WASHINGTON — The United States needs a strategy for upcoming elections at several key international organizations, lawmakers said Thursday during a House Foreign Affairs subcommittee hearing on U.S. leadership in the United Nations.

The last U.S. administration approached U.N. elections without a clear strategy, and without coordination with key allies, said subcommittee Chairman Rep. Joaquin Castro, D-Texas.

Elections will be held in 2022 for leadership positions at the International Telecommunications Union, the World Health Organization, the International Labour Organization and others. 

Under the Biden administration, the U.S. is re-engaging with international institutions and organizations that the Trump administration removed itself from, like the WHO and the U.N. Human Rights Council

“We have rejoined the Paris Agreement, we’ve recommitted to the World Health Organization, and we’ve been reelected to the Human Rights Council,” said Ambassador Erica Barks-Ruggles, senior bureau official at the State Department’s Bureau of International Organization Affairs.

“U.S. leadership in the U.N. system involves more than simply signing on to existing institutions or reengaging with U.N. bodies,” Barks-Ruggles said. “We are leading with the power of our example, rekindling old alliances and forging new partnerships.”

Barks-Ruggles told lawmakers that part of reinforcing the efficacy and mission of the U.N. is ensuring that capable, independent “U.S. and like-minded” officials and personnel are elected to it and other international institutions.

Barks-Ruggles and several lawmakers expressed support for the candidacy of American Doreen Bogdan-Martin for Secretary-General of the International Telecommunications Union, which coordinates and sets global standards for information and communication technology, such as satellite, radio, internet and telephone services.

Bogdan-Martin currently serves as the director ITU’s Telecommunication Development Bureau, and was the first woman to hold a top elected management position at the organization. If elected, Bogdan-Martin would become the first woman in the ITU’s 156-year history to lead the body. Her opponent is Russian candidate Rashid Ismailov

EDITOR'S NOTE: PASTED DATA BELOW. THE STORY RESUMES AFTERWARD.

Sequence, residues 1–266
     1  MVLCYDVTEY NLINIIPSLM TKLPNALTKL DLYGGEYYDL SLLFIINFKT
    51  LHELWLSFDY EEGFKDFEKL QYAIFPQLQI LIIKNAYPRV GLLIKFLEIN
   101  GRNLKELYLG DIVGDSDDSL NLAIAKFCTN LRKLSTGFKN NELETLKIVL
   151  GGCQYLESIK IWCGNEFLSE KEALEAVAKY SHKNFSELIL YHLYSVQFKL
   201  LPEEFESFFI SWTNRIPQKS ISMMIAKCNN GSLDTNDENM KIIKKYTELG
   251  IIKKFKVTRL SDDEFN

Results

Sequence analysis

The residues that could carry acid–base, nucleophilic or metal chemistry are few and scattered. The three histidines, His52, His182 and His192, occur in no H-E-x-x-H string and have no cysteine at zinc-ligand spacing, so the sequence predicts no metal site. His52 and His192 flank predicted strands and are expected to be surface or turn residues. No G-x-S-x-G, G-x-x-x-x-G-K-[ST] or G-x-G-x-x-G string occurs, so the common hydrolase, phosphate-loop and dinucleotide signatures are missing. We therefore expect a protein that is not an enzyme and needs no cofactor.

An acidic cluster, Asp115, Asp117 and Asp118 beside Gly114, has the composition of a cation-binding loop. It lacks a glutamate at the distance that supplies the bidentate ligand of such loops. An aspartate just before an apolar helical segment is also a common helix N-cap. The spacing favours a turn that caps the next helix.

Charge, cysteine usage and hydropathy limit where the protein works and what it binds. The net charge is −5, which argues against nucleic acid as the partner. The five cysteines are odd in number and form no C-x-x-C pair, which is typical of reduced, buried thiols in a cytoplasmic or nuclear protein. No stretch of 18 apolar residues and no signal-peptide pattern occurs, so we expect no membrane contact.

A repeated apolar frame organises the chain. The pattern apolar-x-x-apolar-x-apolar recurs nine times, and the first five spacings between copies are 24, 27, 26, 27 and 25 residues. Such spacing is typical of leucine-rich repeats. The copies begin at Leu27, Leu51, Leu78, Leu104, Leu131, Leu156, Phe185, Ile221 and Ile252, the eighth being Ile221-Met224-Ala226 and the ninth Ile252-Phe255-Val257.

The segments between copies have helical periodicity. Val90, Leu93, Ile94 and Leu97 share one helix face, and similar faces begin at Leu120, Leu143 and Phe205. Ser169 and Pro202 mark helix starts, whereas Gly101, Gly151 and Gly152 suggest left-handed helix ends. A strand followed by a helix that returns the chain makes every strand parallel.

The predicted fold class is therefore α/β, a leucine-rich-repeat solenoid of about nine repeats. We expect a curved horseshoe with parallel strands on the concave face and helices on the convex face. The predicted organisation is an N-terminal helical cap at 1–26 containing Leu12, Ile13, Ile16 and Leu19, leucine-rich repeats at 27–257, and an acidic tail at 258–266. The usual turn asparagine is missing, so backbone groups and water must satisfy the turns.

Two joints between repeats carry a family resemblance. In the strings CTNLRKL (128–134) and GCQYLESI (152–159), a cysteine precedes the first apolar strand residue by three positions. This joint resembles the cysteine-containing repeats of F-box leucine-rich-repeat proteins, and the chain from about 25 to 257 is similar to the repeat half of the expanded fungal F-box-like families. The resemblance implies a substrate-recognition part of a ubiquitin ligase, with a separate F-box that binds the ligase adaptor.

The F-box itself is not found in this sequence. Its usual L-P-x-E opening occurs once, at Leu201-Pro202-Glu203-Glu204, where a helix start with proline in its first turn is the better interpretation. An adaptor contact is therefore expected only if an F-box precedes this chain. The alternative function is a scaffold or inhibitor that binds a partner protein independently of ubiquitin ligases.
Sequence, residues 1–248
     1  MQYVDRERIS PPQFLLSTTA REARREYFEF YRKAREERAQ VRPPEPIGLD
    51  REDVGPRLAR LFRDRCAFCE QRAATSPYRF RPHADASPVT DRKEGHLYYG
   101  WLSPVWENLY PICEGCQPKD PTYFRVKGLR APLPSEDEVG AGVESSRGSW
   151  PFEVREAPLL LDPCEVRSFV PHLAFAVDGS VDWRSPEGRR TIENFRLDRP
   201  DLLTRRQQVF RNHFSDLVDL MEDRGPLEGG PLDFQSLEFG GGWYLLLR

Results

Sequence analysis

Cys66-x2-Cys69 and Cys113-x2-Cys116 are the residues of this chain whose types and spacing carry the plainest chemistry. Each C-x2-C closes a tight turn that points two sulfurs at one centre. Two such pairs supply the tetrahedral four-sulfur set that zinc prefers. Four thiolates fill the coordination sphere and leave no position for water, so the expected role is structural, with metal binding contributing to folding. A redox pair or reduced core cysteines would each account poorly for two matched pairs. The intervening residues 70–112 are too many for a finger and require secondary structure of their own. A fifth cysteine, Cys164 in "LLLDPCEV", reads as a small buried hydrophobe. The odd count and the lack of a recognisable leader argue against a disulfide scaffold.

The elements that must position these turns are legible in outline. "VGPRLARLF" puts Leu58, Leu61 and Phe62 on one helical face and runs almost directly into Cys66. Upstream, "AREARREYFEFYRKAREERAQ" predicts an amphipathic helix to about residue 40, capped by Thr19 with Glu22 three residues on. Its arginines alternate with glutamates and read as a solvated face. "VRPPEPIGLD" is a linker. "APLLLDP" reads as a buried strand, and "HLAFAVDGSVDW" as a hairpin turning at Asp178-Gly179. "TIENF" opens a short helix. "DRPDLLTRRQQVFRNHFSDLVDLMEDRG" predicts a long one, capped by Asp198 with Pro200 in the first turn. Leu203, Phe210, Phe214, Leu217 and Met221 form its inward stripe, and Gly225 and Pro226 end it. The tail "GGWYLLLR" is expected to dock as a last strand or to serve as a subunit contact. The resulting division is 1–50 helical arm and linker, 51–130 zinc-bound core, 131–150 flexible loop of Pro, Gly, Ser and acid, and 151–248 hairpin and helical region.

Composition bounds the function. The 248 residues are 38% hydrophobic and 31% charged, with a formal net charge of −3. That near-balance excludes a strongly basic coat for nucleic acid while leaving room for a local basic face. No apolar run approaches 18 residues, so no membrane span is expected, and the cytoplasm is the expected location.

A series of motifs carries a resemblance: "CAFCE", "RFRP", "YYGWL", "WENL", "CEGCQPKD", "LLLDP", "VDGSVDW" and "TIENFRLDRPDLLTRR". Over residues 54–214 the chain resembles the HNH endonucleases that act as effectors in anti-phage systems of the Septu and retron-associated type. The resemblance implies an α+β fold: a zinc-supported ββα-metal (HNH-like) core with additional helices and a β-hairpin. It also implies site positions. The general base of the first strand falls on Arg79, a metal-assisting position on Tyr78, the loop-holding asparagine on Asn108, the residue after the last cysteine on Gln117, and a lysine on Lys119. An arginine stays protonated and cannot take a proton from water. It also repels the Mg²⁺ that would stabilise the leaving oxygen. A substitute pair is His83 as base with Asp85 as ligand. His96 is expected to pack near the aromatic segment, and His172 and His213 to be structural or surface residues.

Bolstering Bogdan-Martin in her fight against Ismailov is a top priority, Barks-Ruggles said. Bogdan-Martin’s U.S. representation would “help expand universal connectivity and uphold an open and multi-stakeholder approach to internet governance, against state-led models urged by some authoritarian nations.”

The U.S. agenda heading into the upcoming elections should include revitalizing the international community and “countering the efforts of countries such as the People’s Republic of China and Russia to reshape and undermine international law, institutions and standards,” Barks-Ruggles said.

Rep. Nicole Malliotakis, R-N.Y., discouraged U.S. participation in certain international organizations without concrete reforms. “The United Nations and other international organizations more broadly often oppose our national interests.” 

The U.S. contributes almost a quarter of both the regular and peace-keeping budgets at the U.N. — but according to Malliotakis, those contributions aren’t reflected in influence.

Malliotakis also called the U.N. Human Rights Council “a fundamentally corrupt body with a track record of protecting dictatorships and covering up the crimes of the world’s worst human rights abusers.” 

Other lawmakers expressed similar concerns about needed reforms, corruption and what Rep. Chrissy Houlahan, D-Penn., called “the increased influence of authoritarian countries.”

Throughout questioning, Barks-Ruggles maintained the importance of U.S. reengagement in international organizations. 

“We must ensure that the U.N. system, as a key global platform in all of these efforts, is strong and resilient, and able to uphold the fundamental values of democracy, justice, transparency and respect for individual human rights,” Barks-Ruggles said.